Now that you've mastered the art of clipping, often the next step will be reviewing the clips. SnapStream's playlist feature allows consecutive playback of two or more clips or recordings.

This is great for meetings, lectures and presentations where you need to review or discuss multiple recordings. SnapStream even gives you the option to merge all of your recordings into a single clip comprised of all of the recordings in your playlist. Follow the steps below to create a playlist and a merged video.

1. Simply select the media you would like to add to the playlist, choose "More Actions" and select "Add to Playlist." You will be prompted to select a name for the playlist or choose a pre-existing playlist. 

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2. Selecting "Playlists" in the Library will show you all of the different playlists that have been created. To review the recordings, push the Capture.png button on the playlist. Playback of the first recording will begin in the webplayer. To select between playlist items, use the back.png and forward.png buttons.

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3. To merge all recordings in a playlist, click threebuttons.png  and select the "Merge" button. You can choose the file format, target quality, tags and title of the merged file before you begin the merging process. 

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4. Once the merge has been completed, the finished merged file will be in your clips folder.

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Government agencies & PIOs that are winning on Twitter & Facebook

September 21 2016 by Sara Howard

Government agencies have a unique challenge managing their presence on social media. It's not easy to balance a trustworthy and informative presence with a human voice - and maybe some occasional fun. Check out how these government agencies are keeping their audiences informed and engaged with the power of Twitter, Facebook and Instagram.

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Twitter

NASA (@NASA)

It's one of the most followed government accounts with over 8 million followers. NASA does a great job of interacting with fans, and are a continuous example of how a government social media account should be handled. NASA has helped a new era of citizens stay engaged and interested in space exploration via social media.

PIO Mike Jachles (@BSO_Mike)

Mike Jachles serves as the primary PIO for the Department of Fire Rescue and Emergency Services within the Broward County Sheriff’s Office in Florida. Citizens should keep a close eye on his twitter feed for updates to breaking news stories and heartwarming animal rescues.

City of Las Vegas (@CityOfLasVegas)

They're continuously sharing up-to-date information on city events, hosting Twitter chats, and live-tweeting major events. They stay engaged with the residents by encouraging feedback and responding to comments. They're keeping their audience informed and simultaneously telling an amazing story about their city. (We also think their GIF game is super strong! 💪) 



Instagram

U.S. Department of the Interior (@usinterior)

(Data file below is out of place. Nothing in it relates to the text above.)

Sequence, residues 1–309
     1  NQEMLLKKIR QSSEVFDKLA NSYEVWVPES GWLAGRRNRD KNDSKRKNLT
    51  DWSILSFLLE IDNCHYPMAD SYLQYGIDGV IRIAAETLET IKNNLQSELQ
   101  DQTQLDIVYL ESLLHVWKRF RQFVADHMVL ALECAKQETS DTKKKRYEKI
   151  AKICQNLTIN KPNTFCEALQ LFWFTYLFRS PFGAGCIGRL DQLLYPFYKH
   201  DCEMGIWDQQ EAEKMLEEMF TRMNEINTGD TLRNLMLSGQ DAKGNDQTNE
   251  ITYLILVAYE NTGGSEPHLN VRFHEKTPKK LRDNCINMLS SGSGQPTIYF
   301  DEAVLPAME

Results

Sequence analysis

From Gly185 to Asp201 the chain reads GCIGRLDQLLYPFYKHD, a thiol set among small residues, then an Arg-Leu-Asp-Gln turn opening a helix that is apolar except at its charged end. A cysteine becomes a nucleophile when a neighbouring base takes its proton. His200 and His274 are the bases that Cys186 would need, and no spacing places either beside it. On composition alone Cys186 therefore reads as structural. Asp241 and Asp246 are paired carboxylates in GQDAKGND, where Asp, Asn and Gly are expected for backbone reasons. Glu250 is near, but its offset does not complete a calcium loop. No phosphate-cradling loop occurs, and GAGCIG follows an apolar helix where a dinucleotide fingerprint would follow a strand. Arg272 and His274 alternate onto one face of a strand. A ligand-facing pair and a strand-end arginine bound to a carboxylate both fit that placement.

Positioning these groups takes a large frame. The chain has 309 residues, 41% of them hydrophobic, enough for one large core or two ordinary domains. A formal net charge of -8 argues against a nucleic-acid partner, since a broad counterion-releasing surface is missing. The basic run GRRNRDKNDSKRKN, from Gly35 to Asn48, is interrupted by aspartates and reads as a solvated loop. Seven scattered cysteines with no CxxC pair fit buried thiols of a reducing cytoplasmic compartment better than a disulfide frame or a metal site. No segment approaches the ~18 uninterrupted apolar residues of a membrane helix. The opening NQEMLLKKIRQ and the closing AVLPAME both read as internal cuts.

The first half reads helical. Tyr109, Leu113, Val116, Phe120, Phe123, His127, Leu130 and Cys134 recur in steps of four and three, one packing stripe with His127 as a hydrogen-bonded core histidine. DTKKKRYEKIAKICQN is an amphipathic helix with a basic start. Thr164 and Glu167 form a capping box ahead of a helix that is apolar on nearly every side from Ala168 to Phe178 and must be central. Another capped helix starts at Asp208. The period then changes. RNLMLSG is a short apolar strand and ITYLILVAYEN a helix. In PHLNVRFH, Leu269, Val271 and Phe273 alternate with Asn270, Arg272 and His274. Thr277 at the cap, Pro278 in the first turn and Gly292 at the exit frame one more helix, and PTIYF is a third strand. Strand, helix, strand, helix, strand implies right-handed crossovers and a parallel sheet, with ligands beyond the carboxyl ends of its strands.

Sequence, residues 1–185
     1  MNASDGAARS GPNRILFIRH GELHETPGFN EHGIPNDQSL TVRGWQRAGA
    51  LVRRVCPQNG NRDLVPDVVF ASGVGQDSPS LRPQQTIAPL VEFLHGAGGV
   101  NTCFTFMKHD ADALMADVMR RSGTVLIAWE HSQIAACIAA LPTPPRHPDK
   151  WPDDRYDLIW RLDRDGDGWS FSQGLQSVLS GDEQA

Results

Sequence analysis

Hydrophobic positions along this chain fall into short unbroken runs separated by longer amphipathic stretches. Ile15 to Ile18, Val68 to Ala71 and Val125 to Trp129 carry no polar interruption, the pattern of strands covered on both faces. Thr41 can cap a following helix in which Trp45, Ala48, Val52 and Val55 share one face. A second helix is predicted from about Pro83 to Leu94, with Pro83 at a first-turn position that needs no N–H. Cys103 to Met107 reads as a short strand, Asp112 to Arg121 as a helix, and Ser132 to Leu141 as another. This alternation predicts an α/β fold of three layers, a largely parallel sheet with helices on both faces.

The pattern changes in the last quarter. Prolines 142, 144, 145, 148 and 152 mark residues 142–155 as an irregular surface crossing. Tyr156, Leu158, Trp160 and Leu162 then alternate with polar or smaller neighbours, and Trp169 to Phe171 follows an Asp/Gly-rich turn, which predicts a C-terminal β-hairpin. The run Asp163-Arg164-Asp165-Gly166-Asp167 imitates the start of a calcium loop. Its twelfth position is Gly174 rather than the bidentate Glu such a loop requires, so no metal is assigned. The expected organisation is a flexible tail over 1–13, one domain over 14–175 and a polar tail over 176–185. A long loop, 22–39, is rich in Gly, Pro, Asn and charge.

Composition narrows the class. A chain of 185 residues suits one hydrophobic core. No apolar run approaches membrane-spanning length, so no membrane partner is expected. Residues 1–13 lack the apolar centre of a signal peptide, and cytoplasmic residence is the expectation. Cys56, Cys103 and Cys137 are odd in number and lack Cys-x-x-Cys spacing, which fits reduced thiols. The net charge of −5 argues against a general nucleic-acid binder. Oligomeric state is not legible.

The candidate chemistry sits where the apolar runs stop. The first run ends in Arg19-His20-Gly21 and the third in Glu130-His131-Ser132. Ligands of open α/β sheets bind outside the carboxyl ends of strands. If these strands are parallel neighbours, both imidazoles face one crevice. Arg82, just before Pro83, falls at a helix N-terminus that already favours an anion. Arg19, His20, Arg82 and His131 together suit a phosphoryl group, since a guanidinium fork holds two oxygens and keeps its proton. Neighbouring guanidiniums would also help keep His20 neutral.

No one shows off the beauty and diversity of America quite like the Department of the Interior. And there's no better place to do it than on Instagram. Don't let the name fool you, prepare youself for truly beautiful landscapes and the thing the internet loves the most... adorable baby animals. 

 

 

NASA (@NASA)

Yes, we've included NASA twice. They do such an amazing job that when recounting the best government agencies on social media, it's hard not keep coming back to NASA. Instagram is the perfect way for the agency to share the beauty of space with an entirely new generation of Americans.

 

A photo posted by NASA (@nasa) on

 

TSA (@TSA)

Before you go rolling your eyes as you remember your last encounter with TSA... get a new look at this government organization through the lense of Instagram. Both entertaining and informative, they regularly post tips and tricks (#TSATravelTips), as well as bizzare and interesting finds (#TSAGoodCatch).

 

A photo posted by TSA (@tsa) on


 
Facebook

FEMA (@FEMA)

FEMA has a great Facebook page, with plenty of preparedness planning checklists. They also do a great job with updates and combining of text and graphics to keep their fans engaged.

 

City of New York (@nycmayorsoffice)

The City of New York's Facebook page is focused on celebrating stories of hope and inspiration, as well as keeping the citizens informed on the latest across the city.

Meet Team SnapStream - Marlon in Quality Assurance

September 15 2016 by Sara Howard

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Welcome to the second edition of Meet Team SnapStream, where we introduce you to the people behind the scenes. Today we're talking to Marlon Dait, QA Tester, who has been at SnapStream for just over 2 years.

What is a QA Tester?

Marlon: First of all, QA is not question and answer, it's Quality Assurance. Which means making sure that our product can be used by a wide margin of people. People using different operating systems, different browsers, etc. Making sure our product works in any environment.

We have to do a lot of back and forth with the developers, testing out their code. If it isn't working the way it should, we have to work with them to remedy that, and if it works we pass it off as fixed.

 

Background: